Make Room For The Stuttering

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David Haas, from Syracuse, New York, gives a great talk about his experience with stuttering at TEDx Syracuse University 2014.

He gave me permission to share his talk here on the blog. Great job, David.

Last night at my Toastmasters meeting, I was surprised by how someone introduced me at the start of the meeting. I will also admit that I was a bit embarrassed.

I was scheduled to be the Toastmaster, or emcee, for the evening. Therefore, the club president had to introduce me. As the theme of the meeting was perseverance, he chose to tie perseverance into his introduction of me.

The president indicated that I was a person who epitomizes courage and perseverance, as it takes courage to be a person who stutters and a Toastmaster. He went on to say that I have risen through the ranks of Toastmasters and achieved the highest designation, that of Distinguished Toastmaster (DTM.) He asked people to take note of how I run the meeting, as I am a good role model for fellow members and guests.

He stated that it takes courage to stutter and embrace public speaking and that I am an inspiration to the club. He concluded that I am a hero to him.

When I stood up and proceeded to speak, I was aware that I was embarrassed. Both for the high praise and words of kindness, but also because he introduced me as a person who stutters. I don’t remember ever getting an introduction like that in my eight years in Toastmasters.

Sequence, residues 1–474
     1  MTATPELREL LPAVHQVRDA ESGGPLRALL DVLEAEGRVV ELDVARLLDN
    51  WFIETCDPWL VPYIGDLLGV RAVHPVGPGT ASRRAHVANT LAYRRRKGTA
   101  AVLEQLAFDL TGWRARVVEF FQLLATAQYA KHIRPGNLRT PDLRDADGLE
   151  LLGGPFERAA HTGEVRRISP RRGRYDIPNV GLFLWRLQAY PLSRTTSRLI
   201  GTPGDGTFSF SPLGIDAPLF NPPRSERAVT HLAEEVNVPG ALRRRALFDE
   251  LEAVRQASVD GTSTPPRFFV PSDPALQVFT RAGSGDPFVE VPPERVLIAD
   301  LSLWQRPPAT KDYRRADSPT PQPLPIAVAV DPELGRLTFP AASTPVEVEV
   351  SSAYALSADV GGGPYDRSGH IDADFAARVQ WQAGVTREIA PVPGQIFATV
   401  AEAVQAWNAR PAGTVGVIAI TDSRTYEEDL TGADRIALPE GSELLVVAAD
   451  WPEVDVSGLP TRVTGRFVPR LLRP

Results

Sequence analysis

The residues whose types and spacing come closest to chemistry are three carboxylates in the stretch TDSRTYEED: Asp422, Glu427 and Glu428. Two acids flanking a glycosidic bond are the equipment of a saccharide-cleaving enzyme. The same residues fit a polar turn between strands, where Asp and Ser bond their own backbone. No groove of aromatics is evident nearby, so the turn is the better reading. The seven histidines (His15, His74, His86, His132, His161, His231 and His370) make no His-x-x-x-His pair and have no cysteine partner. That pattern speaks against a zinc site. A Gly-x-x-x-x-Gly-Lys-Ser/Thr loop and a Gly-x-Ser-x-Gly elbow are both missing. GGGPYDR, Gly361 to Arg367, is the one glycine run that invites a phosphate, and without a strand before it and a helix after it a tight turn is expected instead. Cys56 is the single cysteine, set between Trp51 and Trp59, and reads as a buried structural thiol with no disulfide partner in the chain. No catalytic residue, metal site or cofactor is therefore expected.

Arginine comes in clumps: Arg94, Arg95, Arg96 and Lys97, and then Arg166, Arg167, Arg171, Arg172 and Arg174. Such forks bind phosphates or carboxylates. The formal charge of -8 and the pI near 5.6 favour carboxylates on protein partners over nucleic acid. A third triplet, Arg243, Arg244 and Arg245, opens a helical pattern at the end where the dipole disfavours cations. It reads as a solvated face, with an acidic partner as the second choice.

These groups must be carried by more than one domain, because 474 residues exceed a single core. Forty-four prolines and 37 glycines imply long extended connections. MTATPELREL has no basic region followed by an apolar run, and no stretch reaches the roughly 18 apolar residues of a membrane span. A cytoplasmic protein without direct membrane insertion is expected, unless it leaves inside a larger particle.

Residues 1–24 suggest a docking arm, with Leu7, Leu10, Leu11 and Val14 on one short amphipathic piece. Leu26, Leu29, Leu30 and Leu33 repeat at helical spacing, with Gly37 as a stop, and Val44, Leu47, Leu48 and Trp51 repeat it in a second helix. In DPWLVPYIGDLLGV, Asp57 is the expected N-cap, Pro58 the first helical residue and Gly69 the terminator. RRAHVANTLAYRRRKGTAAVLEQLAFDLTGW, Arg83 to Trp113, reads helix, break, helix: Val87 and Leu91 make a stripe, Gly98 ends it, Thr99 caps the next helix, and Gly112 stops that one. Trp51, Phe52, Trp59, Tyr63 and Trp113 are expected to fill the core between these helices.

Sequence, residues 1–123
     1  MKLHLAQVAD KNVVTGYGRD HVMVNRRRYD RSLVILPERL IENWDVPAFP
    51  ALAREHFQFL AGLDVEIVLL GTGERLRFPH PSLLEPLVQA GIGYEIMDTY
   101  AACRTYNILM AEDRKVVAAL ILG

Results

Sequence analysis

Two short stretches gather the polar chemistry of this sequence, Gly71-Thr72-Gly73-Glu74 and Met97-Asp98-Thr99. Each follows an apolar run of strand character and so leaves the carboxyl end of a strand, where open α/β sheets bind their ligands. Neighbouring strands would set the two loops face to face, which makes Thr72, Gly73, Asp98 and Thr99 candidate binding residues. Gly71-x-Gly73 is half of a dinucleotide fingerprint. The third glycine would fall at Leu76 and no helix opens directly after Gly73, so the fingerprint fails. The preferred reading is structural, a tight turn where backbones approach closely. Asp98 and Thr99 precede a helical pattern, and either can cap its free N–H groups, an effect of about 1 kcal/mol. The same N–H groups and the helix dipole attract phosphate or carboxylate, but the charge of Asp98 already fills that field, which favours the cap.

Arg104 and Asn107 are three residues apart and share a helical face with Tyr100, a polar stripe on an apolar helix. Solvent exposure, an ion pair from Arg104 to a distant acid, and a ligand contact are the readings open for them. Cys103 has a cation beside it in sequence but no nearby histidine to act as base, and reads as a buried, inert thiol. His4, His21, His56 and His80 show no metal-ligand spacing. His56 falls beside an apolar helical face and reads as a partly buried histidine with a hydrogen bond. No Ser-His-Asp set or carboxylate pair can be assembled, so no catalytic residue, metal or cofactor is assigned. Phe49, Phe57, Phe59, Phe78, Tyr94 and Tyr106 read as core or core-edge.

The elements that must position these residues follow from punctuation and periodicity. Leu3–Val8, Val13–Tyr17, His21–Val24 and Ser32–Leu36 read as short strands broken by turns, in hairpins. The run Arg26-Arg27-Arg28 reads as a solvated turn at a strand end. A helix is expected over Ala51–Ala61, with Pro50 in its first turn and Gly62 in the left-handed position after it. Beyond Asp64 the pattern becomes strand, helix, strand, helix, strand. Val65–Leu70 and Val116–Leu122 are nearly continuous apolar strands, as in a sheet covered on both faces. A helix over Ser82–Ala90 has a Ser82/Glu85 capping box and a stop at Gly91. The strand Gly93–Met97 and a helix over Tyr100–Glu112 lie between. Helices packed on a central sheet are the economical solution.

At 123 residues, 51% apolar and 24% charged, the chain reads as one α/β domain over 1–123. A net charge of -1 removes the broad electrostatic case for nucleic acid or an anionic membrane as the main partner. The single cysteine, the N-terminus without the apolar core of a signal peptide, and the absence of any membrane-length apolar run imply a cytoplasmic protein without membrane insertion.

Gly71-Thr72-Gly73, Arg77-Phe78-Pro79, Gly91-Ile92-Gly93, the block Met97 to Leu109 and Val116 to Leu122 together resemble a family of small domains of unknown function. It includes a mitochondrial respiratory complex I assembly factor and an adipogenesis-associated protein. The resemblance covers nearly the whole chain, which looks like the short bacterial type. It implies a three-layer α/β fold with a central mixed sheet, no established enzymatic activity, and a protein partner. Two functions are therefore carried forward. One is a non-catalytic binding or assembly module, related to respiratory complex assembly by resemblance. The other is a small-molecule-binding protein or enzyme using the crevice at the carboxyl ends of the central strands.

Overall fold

I thanked him for his hearty introduction and remarked that I hoped I could live up to his lofty words.

I was embarrassed because someone else was advertising that I stutter to people who didn’t know that about me. It’s not that I’m embarrassed that I stutter, it’s just that I wasn’t expecting this type of introduction and I felt a bit taken aback.

On the plus side, though, I found that I allowed myself to stutter more freely throughout my remarks during the meeting and even did some voluntary stuttering.

What do you think? How would you have felt if someone had given a surprise introduction like that?

I went to the theater last night. We have a vibrant arts culture in my community and I often go to see live performances. There is nothing like live theater.

The show was “Figaro” and was billed as a comedy, which it was.

There was a character of a judge, who I’ve always visualized as serious and smart, someone we respect.

The play had the judge character stuttering – loudly, pronouncedly and spitting on others while stuttering. He particularly stuttered on “p” sounds and the other characters finished the words for the judge. Most of the time, the other character guessed the word right, one time it was wrong. The audience laughed at these moments.

This stuttering, spitting male judge character was ridiculous. He was portrayed as stupid, and disgusting for spitting on those close to him, who reacted in disgust.

My friend who was with me stutters too. Both of us were uncomfortable. We didn’t expect to see stuttering made fun of like this in this day and age, on a live stage.

After the show, as we were leaving, my friend and I talked about how uncomfortable it made us. Stuttering isn’t funny in this exaggerated context, yet audience members laughed and laughed at the stuttering, spitting, weird character.

We left, and talked about it again in the parking lot. We had met at the theater, and therefore had separate cars.

When I got home, I had a message on my voice mail from my friend.